a nexus and causal relationship between the claim and the
purchase of Conseco common stock. See, e.g., In re Telegroup,
Inc., 281 F.3d 133
, 138 (3d Cir. 2002). As such, the plain
language of § 510(b) requires that Plaintiffs' claim be
subordinated to the level of the other holders of Conseco's
common stock, and the Bankruptcy Court was correct as a matter of
law in so holding.
B. The Plaintiffs' Novation Argument Must Fail
In an effort to avoid the natural operation of § 510(b),
Plaintiffs argue that, while the litigation arose from the
purchase or sale of a security, the claim is based on the
Judgment and the Stipulation of Settlement. This attempted
sleight of hand ignores the plain meaning of the statute,
including the plain meaning of the operative term "arising."
Moreover, Plaintiffs' interpretation is at odds with the remedial
purpose of the statute.
While Plaintiffs attempt to discredit the case law relied on by
the Bankruptcy Court, Plaintiffs cite no authority, whether
Seventh Circuit or otherwise, when a court has held that a claim
that arose from the purchase or sale of a security is removed
from the scope of § 510(b) based on a novation theory or the
presence of a judgment. Indeed, if Plaintiffs' novation theory
were accepted, it would be an easy way around the statute,
undoubtedly leading to every pre-bankruptcy settlement of a securities fraud suit being characterized as a novation.
This, in turn, would make the application of the statute
dependent upon whether a group of Plaintiffs were or were not
able to settle their claims prior to the commencement of the
debtor's bankruptcy case. Plaintiffs offer no persuasive
explanation as to why that happenstance should determine the
priority treatment of the underlying claim in bankruptcy.
Similarly, the Plaintiffs never explain how entering into a
settlement prior to the filing of the bankruptcy petition truly
alters the origin of the underlying claim or the policies
underlying § 510(b). Nor could they. Had Conseco filed its
bankruptcy petition prior to the securities fraud settlement, the
claim would certainly be subordinated pursuant to § 510(b). See,
e.g., In re Cincinnati Microwave, Inc., 210 B.R. 130, 133
(Bankr. S.D. Ohio 1997). There is no rational explanation why a
settlement agreement consummated just months prior to bankruptcy
should dramatically alter the nature, let alone the treatment, of
the underlying claim, particularly given the plain terms and
purpose of § 510(b).
The novation theory was explicitly rejected in In re Permian
Producers Drilling, Inc., 263 B.R. 510 (W.D. Tex. 2000). In
Permian, the court determined that, as a remedial statute, §
510(b) must be interpreted broadly in order to effectuate the
intent of Congress and, thus, must apply notwithstanding the
executed pre-petition settlement agreement:
[S]ection 510(b) prevents a shareholder from
converting his interest into a claim and sharing
pari passu with other unsecured creditors. The fact
that [a claim] is predicated on [a] settlement
agreement does not alter the fact that the underlying
claim is a claim for damages arising from the
purchase of a security. Id. at 520, quoting, In re Granite Partners, L.P., 208 B.R. 332,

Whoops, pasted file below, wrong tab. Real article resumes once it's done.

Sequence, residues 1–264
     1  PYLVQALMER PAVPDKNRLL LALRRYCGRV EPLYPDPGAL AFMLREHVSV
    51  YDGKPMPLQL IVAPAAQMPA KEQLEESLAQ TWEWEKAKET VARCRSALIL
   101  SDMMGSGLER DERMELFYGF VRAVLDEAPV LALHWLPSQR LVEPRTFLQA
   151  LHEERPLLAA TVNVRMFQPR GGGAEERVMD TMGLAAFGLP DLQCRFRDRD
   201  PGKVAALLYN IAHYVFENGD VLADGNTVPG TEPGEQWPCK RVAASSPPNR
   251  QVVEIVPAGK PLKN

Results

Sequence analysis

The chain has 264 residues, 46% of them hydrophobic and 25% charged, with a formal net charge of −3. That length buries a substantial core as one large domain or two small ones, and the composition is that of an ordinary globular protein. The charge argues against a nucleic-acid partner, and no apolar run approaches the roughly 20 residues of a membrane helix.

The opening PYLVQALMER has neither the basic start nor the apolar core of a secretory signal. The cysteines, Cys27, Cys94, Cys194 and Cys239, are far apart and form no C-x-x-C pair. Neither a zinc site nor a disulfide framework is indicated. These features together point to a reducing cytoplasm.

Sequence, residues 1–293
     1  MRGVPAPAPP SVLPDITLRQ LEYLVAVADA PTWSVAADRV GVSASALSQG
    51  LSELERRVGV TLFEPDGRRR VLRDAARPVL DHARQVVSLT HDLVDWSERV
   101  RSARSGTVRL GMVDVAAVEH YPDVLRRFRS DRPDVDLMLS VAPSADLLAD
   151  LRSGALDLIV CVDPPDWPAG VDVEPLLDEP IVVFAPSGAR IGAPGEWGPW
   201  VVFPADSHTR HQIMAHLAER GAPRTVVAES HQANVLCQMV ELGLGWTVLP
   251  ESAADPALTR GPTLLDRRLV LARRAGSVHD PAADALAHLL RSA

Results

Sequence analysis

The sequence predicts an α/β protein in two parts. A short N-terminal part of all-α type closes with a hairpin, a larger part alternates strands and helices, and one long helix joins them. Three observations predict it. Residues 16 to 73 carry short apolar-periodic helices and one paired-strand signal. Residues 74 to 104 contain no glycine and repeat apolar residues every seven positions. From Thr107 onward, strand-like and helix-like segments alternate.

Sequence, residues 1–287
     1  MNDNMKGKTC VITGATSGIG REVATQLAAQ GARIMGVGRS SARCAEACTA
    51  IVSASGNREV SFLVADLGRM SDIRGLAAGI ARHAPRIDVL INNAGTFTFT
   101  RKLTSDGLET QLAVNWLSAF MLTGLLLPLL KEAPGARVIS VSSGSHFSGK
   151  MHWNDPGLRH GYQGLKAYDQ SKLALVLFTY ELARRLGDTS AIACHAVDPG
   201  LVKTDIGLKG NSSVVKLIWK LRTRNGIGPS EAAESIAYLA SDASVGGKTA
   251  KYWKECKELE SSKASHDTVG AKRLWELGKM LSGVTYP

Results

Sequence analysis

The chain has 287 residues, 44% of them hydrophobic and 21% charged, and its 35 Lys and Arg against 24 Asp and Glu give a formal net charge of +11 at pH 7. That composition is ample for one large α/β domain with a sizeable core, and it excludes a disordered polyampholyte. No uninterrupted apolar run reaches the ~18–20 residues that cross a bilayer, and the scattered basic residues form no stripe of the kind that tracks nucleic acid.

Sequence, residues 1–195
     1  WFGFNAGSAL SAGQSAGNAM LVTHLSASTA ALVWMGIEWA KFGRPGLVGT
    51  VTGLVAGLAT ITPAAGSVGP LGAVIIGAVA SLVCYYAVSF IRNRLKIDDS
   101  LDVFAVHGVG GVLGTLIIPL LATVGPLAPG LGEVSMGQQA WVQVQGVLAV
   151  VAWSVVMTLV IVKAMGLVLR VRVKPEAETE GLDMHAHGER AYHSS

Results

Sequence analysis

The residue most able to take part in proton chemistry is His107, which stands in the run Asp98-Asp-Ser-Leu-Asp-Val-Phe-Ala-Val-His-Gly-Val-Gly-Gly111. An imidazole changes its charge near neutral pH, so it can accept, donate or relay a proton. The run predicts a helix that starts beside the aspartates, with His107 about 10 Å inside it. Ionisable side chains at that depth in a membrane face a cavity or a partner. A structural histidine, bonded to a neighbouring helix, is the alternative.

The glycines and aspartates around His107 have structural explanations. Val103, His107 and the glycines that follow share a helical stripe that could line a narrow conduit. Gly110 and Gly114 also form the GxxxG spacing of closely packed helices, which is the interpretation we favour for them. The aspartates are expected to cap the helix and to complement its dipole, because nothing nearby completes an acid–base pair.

341 (Bankr. S.D.N.Y. 1997). Therefore, the court determined
that the claim was properly subordinated pursuant to § 510(b).
Id. See also Sendmygift.com, Inc., 280 B.R. 667 (Bankr. D.
Minn. 2002); In re Cincinnati Microwave, Inc., 210 B.R. 130
(Bankr. S.D. Ohio 1997).
For these reasons, we find that Plaintiffs cannot avoid the
operation of § 510(b) under a novation theory and that the
existence of the Judgment and Stipulation of Settlement is of no
significance in interpreting that statute.
C. Section 510(b) Is Clearly Applicable To Claims Based On
Plaintiffs next argue that § 510(b) is inapplicable to claims
arising from fraud in the purchase or sale of securities. We find
this argument to be without merit. First, a number of courts that
have clearly stated that § 510(b) is applicable to securities
fraud claims. See, e.g., In re Betacom of Phoenix, Inc.,
240 F.3d 823, 829 (9th Cir. 2001); In re NAL Financial Group, Inc.,
237 B.R. 225, 232 (Bankr. S.D. Fla. 1999); In re Vista Eyecare,
Inc., 283 B.R. 613, 626 (Bankr. N.D. Ga. 2002); In re Geneva
Steel Co., 281 F.3d 1173, 1177 (10th Cir. 2002); In re
Washington Bancorp., 1996 WL 148533, at *19 (D.D.C. March 19,
Both the provisions of the statute and the legislative history
are unambiguous. Congress enacted § 510(b) primarily to
subordinate securities fraud claims and confirm that the risk of
illegality was to be borne by equity holders and not creditors.
See, e.g., Telegroup, 281 F.3d at 141 (citing H.R. Doc. No.
93-137, pt. 1, at 22 (1973)). It is clear that when Congress
enacted § 510(b), it intended that creditors be treated more
favorably than equity holders under all circumstances. Congress
determined that it is inappropriate for investors, regardless of
their claims relating to the purchase or sale of their
securities, to stand on the same footing as creditors for the
purposes of distribution of the estate. See generally Telegroup, 281 F.3d
at 133; Vista Eyecare, Inc., 283 B.R. at 613. In short, §
510(b) represents a Congressional judgment that, as between
shareholders and general unsecured creditors, it is the
shareholders who should bear the risk of illegality in the
purchase and sale of stock in the event that the issuer enters
bankruptcy. Telegroup, 281 F.3d at 141. Thus, it is clear that
§ 510(b) applies to security fraud claims.
II. The Plaintiffs' Purported Policy Arguments Cannot Change
the Result Mandated by 510(b)
Plaintiffs next argue that the policy arguments underlying §
510(b) do not warrant the subordination of fraud claims and that
there are better policy arguments to the contrary. First and
foremost, these policy arguments are irrelevant. Courts do not
have the discretion to ignore the plain meaning of the statute,
as reinforced by its accompanying legislative history, and, in
effect, amend a statute by judicial fiat.
Second, there are persuasive policy arguments as to why
Plaintiffs should have their fraud claims subordinated to the
level of Conseco common stock. Those arguments are applicable in
this very case. Under the confirmed plan of reorganization, the
Class 8A unsecured creditors will not receive payment in full of
their claims, but are projected to receive only approximately
26.8% of their claims. However, if the provisions of § 510(b) are
ignored and the Plaintiffs' claim is allowed as a Class 8A claim,
this 26.8% dividend will be diluted by a claim asserted on behalf
of persons who were entitled to receive the benefits of common
stock ownership when times were good and who would now be
permitted to avoid the risks of common stock ownership when times
are bad, exactly the result that § 510(b) was intended to
For the foregoing reasons, the August 20, 2003 decision of the
Bankruptcy Court is affirmed. This is a final and appealable
order. This case is hereby terminated.
It is so ordered.